Upgrade to Pro — share decks privately, control downloads, hide ads and more …

Delivering Solutions Using Open Source Software

Delivering Solutions Using Open Source Software

My FOSS4G NA 2018 slides on Delivering Solutions using Open Source Software.

https://2018.foss4g-na.org/session/delivering-solutions-using-open-source-software-practical-guide

04d90c67e5e6ea922342a8c761f739c2?s=128

Scott Clark

May 16, 2018
Tweet

Transcript

  1. Delivering Solutions Using Open Source Software A Practical Guide For

    Program / Project / Product Managers And anyone else involved in delivering geospatial software solutions By: Scott Clark Program Manager PMP, PMI-ACP, GISP
  2. About me • Project and Program Manager since 2007 •

    Currently at Radiant Solutions • I’ve led projects ranging from ◦ R&D to transition to Operations ◦ Shrink-wrapped products to specialized solutions ◦ OSS and proprietary code bases ◦ Restricted to Completely open • All of my projects have involved software development • These are all my own opinions and experiences ◦ Hopefully they are helpful to you ◦ (Your mileage may vary) • I learn new things with every project
  3. I’m not a developer but… I’ve had the privilege of

    working with some great OSS projects Pelias
  4. Industry Practices Still Apply Approaches to running projects and building

    products or solutions are pretty well understood • Agile Development • Project Management • Product Management • Stakeholder Management • User Engagement Regardless of the effort, these remain the foundation of how to deliver solutions
  5. Benefits of OSS to Delivering Solutions From an integrator’s point

    of view: • No black boxes • Linus’ Law ◦ "Given enough eyeballs, all bugs are shallow" - Cathedral and the Bazaar • Devs can delve into the code and troubleshoot ◦ Make a pull request • It’s not just for devs anymore ◦ If the documentation isn’t great, anyone can pitch in • Benefit from others’ investments • You can roll up your sleeves and pitch in if needed • Heavy reliance on open standards • Reduces supplier risk
  6. It may be different from what you’re used to •

    Community approach to code • Public and open conversations • Distributed contributors (organizationally & geographically) • Multiple influences / influencers
  7. Benefits of a Community Access to a diverse community •

    Diverse communities make great projects ◦ Many perspectives ◦ Wide breadth of experience ◦ The larger the community the better this scales • Look at what challenges they’ve dealt with • Your “unique” concerns may not be that different from others
  8. Engaging with the Community You need to ENGAGE to reap

    the full benefits • Understand how your goals fit into the community project roadmap ◦ Core ◦ Plugin ◦ Community module • Core committers ◦ Your own team or a company • Pull requests ◦ Don’t just get accepted, talk to people • Find developers comfortable with working with a community
  9. We get by with a little help from our friends

    “Open Source” does not = “Unsupported” Advantages of commercially supported / community supported OSS Look for • Experience working with a particular codebase / community • Ability to push fixes or features into core ◦ Reduces maintenance costs ◦ Avoids massive forking headaches ◦ Ensures a more robust solution
  10. If you liked it, you shoulda put an Org on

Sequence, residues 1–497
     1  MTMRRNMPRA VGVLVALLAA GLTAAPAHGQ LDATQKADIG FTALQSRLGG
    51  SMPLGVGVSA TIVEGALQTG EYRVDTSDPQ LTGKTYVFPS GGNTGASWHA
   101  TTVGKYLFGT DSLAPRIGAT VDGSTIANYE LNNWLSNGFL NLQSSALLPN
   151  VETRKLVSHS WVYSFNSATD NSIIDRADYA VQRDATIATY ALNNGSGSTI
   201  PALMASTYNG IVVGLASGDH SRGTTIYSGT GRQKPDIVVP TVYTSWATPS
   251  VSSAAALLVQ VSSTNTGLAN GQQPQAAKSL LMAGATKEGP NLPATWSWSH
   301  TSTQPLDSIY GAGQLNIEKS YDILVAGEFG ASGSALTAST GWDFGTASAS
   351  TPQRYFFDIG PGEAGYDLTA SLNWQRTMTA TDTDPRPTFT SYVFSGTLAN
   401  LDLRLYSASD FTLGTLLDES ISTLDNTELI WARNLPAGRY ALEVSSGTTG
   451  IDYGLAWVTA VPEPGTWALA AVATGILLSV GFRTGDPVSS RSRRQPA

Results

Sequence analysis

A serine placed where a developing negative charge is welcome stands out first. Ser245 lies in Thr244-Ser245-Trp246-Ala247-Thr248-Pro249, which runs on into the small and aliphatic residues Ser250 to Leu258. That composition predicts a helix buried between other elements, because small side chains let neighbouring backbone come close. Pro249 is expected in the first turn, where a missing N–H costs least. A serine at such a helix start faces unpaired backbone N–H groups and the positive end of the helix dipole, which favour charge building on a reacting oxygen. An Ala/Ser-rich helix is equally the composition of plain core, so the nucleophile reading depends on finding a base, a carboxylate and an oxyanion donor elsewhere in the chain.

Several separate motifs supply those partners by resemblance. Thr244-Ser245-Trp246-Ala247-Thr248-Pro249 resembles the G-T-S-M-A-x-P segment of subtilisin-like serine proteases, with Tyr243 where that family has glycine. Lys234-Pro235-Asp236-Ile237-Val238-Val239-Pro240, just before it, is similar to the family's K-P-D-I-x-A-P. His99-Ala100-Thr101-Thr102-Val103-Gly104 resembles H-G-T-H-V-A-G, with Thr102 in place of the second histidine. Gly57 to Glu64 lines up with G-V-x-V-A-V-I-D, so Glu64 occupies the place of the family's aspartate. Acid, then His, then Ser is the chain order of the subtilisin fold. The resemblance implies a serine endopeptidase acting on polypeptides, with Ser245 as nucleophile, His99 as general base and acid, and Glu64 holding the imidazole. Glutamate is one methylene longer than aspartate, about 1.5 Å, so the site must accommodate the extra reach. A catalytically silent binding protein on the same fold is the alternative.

it Software supply chain assurance is a real concern in an enterprise • Challenges with random open repos ◦ How well reviewed is the provenance of the code we’re bringing in? ◦ If it’s a one-person show, external pull requests may or may not be tightly reviewed • Health of a project ◦ Look at the commit history ◦ Look at the mailing lists ◦ What is the activity level of the project? ◦ Is it still actively supported? • And of course incubating through a foundation is helpful ◦ LocationTech, OSGeo, Apache, etc.
  11. So, you want to start an OSS project… Or become

    active in a community Producing Open Source Software - Karl Fogel https://producingoss.com/ • Organize your team to support it • Be realistic about expectations
  12. Strategies with your Customer Be ready to address various concerns

    • Contributing to existing OSS projects • Open sourcing new code as a goal • Understand OSS licenses • Security and quality • Intellectual Property • Export controls and ITAR There are web sites from UNESCO, European Commission, World Bank GFDRR on the use of open source
  13. Working with Government Talking to government PMs • US DoD

    OSS guidance ◦ http://dodcio.defense.gov/Open-Source-Software-FAQ/ • It’s Commercial off the shelf software (COTS) ! • Considerations • How to work in the open ▪ NGA: GeoWave, MAGE, DICE, etc. ▪ 18F • If the government (taxpayers) pays for it, ideally it’s available to the public ◦ With few valid exceptions
  14. Measuring ROI of OSS for an Organization • GeoNode case

    study - World Bank GFDRR ◦ Open Data for Resilience Initiative & GeoNode: A Case Study on Institutional Investments in Open Source https://opendri.org/resource/opendri-geonode-a-case-study-for -institutional-investments-in-open-source/ • Leveraging Open Source as a Public Institution ◦ Vivien Deparday, Robert Soden https://blogs.worldbank.org/opendata/leveraging-open-source- public-institution-new-analysis-reveals-significant-returns-inve stment-open
  15. In the end it’s really about workflows In our projects,

    we primarily measure ROI in terms of productivity and workflows but also point to advantages in scaling • OSS is awesome but Can I do my job? ◦ Faster? ◦ Better? ◦ More effectively? ◦ Cheaper? • Costs related to scaling? • Training considerations? • Find a customer champion that understands how to quantify these things